I bought two boxes of Christmas cards the other day. They’re sitting on my table until the time comes to start filling them out and sending them to people. The top box has a beautifully designed card with a single word across the front: Joy.
And today when I saw it, I thought – “That card couldn’t be further from the truth this Christmas. There is no joy. This year’s end is the saddest I’ve ever seen in my lifetime.”
If only we could just reverse the clock and go back to the year’s end three years ago.
Where I was laughing with my friends in Leavenworth on my thirtieth birthday.
Where I got to stand up at our Women’s Christmas Dessert and share my heart.
Where our college group had our annual fall retreat at Silver Mountain Resort.
Where my dad’s voice was asking us what we were thankful for around the Thanksgiving table and reading the nativity story to us on Christmas morning.
Where my grandma’s soft laughter rang out as I curled up on her couch and shared a cup of tea with her and my grandpa.
Where it wasn’t a crime to gather with friends and family during the holidays.
Where people weren’t angry with each other all the time.
Where faces didn’t have to be covered in masks.
I had no idea. No idea that the end of the year 2020 would look like this. And that the most basic parts of the holiday season would be the ones I would long for the most.
My heart sinks with the thought of so much sadness and so little joy at the end of this year. When joy is the thing I love to embrace the most from the end of November to the beginning of January.
And then – truth quietly creeps into my heart.
This is exactly why we need Christmas. Because the world is terribly heart-breaking, and God was never going to leave us on our own in the midst of it.
Isaiah 9:2-3, 6a says, “The people who walked in darkness have seen a great light; those who dwelt in a land of deep darkness, on them has light shone. You have multiplied the nation; you have increased its joy; they rejoice before you as with joy at the harvest, as they are glad when they divide the spoil […] For to us a child is born, to us a Son is given …”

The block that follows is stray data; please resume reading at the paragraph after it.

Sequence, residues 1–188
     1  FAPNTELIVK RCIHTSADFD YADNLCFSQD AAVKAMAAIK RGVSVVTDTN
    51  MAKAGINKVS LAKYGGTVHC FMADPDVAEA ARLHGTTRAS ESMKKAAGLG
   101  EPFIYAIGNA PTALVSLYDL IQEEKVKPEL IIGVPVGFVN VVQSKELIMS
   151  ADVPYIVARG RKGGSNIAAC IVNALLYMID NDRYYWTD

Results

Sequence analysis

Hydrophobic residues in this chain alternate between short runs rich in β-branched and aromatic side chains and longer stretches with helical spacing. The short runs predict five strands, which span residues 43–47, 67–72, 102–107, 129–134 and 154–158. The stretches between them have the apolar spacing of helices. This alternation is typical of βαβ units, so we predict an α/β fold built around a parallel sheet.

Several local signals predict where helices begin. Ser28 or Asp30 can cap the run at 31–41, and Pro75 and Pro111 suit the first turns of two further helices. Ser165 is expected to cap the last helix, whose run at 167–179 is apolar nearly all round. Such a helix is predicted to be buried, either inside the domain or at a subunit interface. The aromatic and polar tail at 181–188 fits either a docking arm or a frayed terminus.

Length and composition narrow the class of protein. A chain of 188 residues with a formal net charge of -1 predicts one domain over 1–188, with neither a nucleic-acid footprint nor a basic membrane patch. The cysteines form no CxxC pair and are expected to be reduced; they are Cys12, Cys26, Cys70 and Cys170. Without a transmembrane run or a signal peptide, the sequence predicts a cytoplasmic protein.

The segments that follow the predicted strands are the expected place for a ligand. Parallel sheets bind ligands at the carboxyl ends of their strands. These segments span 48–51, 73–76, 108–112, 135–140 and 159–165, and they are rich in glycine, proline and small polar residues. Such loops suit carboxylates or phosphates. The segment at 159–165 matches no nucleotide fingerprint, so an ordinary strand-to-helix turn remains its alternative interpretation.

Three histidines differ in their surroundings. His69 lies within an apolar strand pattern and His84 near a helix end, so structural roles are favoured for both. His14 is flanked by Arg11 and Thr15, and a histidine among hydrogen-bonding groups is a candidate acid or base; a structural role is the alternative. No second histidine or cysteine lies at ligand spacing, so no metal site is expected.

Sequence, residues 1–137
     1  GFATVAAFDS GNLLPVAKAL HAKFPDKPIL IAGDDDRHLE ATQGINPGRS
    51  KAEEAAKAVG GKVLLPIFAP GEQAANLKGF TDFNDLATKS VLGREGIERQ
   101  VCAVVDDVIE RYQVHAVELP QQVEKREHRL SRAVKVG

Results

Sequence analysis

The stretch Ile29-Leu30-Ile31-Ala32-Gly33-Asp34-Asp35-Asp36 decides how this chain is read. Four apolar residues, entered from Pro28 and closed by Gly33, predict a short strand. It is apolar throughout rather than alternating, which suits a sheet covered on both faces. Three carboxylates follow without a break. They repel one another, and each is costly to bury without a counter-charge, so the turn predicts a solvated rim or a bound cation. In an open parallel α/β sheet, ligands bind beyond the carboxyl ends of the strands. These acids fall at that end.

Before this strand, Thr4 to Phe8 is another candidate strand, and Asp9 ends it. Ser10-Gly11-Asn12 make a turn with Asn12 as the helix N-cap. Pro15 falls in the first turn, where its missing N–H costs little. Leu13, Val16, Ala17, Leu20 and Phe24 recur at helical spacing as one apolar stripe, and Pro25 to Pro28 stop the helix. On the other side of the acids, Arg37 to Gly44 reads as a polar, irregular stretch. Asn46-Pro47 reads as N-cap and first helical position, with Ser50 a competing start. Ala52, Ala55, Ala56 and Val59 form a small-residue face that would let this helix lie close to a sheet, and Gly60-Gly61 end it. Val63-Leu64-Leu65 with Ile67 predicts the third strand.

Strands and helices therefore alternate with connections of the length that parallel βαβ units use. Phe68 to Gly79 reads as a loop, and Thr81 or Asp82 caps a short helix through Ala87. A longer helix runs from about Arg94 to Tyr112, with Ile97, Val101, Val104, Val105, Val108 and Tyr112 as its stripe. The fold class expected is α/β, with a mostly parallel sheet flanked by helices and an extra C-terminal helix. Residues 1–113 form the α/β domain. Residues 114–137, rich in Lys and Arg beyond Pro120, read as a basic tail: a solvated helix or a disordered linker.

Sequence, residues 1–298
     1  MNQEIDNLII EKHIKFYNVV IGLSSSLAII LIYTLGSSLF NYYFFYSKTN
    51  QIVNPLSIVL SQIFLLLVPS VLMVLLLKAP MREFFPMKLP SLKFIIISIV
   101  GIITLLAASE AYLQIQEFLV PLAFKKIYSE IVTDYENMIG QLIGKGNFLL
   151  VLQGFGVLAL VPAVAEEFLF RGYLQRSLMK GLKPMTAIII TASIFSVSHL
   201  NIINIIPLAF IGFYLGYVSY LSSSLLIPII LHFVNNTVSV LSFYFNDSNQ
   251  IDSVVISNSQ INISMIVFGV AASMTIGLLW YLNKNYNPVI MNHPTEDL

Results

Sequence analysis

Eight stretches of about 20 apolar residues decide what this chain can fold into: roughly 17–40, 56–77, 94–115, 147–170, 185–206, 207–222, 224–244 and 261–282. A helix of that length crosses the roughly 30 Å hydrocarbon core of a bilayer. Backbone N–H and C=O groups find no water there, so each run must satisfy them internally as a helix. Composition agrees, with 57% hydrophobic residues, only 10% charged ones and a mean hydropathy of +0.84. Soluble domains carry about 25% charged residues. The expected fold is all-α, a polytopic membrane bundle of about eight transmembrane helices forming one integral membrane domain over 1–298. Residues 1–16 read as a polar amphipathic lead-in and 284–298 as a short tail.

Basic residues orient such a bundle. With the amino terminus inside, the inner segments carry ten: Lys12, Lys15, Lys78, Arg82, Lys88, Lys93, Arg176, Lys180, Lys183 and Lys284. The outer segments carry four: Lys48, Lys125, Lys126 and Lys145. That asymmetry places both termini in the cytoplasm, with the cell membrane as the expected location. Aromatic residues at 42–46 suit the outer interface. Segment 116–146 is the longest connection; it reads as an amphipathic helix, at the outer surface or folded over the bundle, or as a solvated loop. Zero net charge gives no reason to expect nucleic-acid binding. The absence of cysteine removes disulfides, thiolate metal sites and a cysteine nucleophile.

God saw Israel in their darkness. And He see us in our darkness. And He provides the light – with the birth of His Son, Jesus, here on earth.
And this is what brings us the joy and hope when we feel the most sorrowful. Joy isn’t necessarily the happy feeling we get when everything is going the way we want it to. Rather, it’s that quiet sense of “all will be well.” Even when it seems impossible. Even when everything we love has been taken from us. Even when the tears won’t stop falling.
Because God says, “There is a hope for you, and surely that hope will not be cut off.”
This year’s ending is not the ending to the story. It’s the ending to a very sad chapter. But the Author of the story knows there’s more to come – and it ends with the return of the righteous King, the One who will bring justice and “make all the sad things untrue.”
If He hadn’t been born as the baby Messiah all those years ago, then we really would have no reason to celebrate this year. There’d be no reason to put up the tree, listen to the Christmas music, or wrap the presents. There would only be numbness. Emptiness. A masking over of the weight of all the heavy things.
But because He did come, our celebration can take on that quiet contemplation and rejoicing of what He brought – and what He’s bringing again. It can guide us to the foot of the manger which leads to the foot of the cross. And as it does, our hope will only grow more deeply for the celebration in heaven one day. Where all joy will no longer be tinged with sadness. And where all the longing from the weary days will be put to rest in beautiful completion.
The end of this year may not look the way we want it to. But our Prince of Peace is still doing the work of comforting our hearts and drawing them to Him. And that is what we most need this holiday season.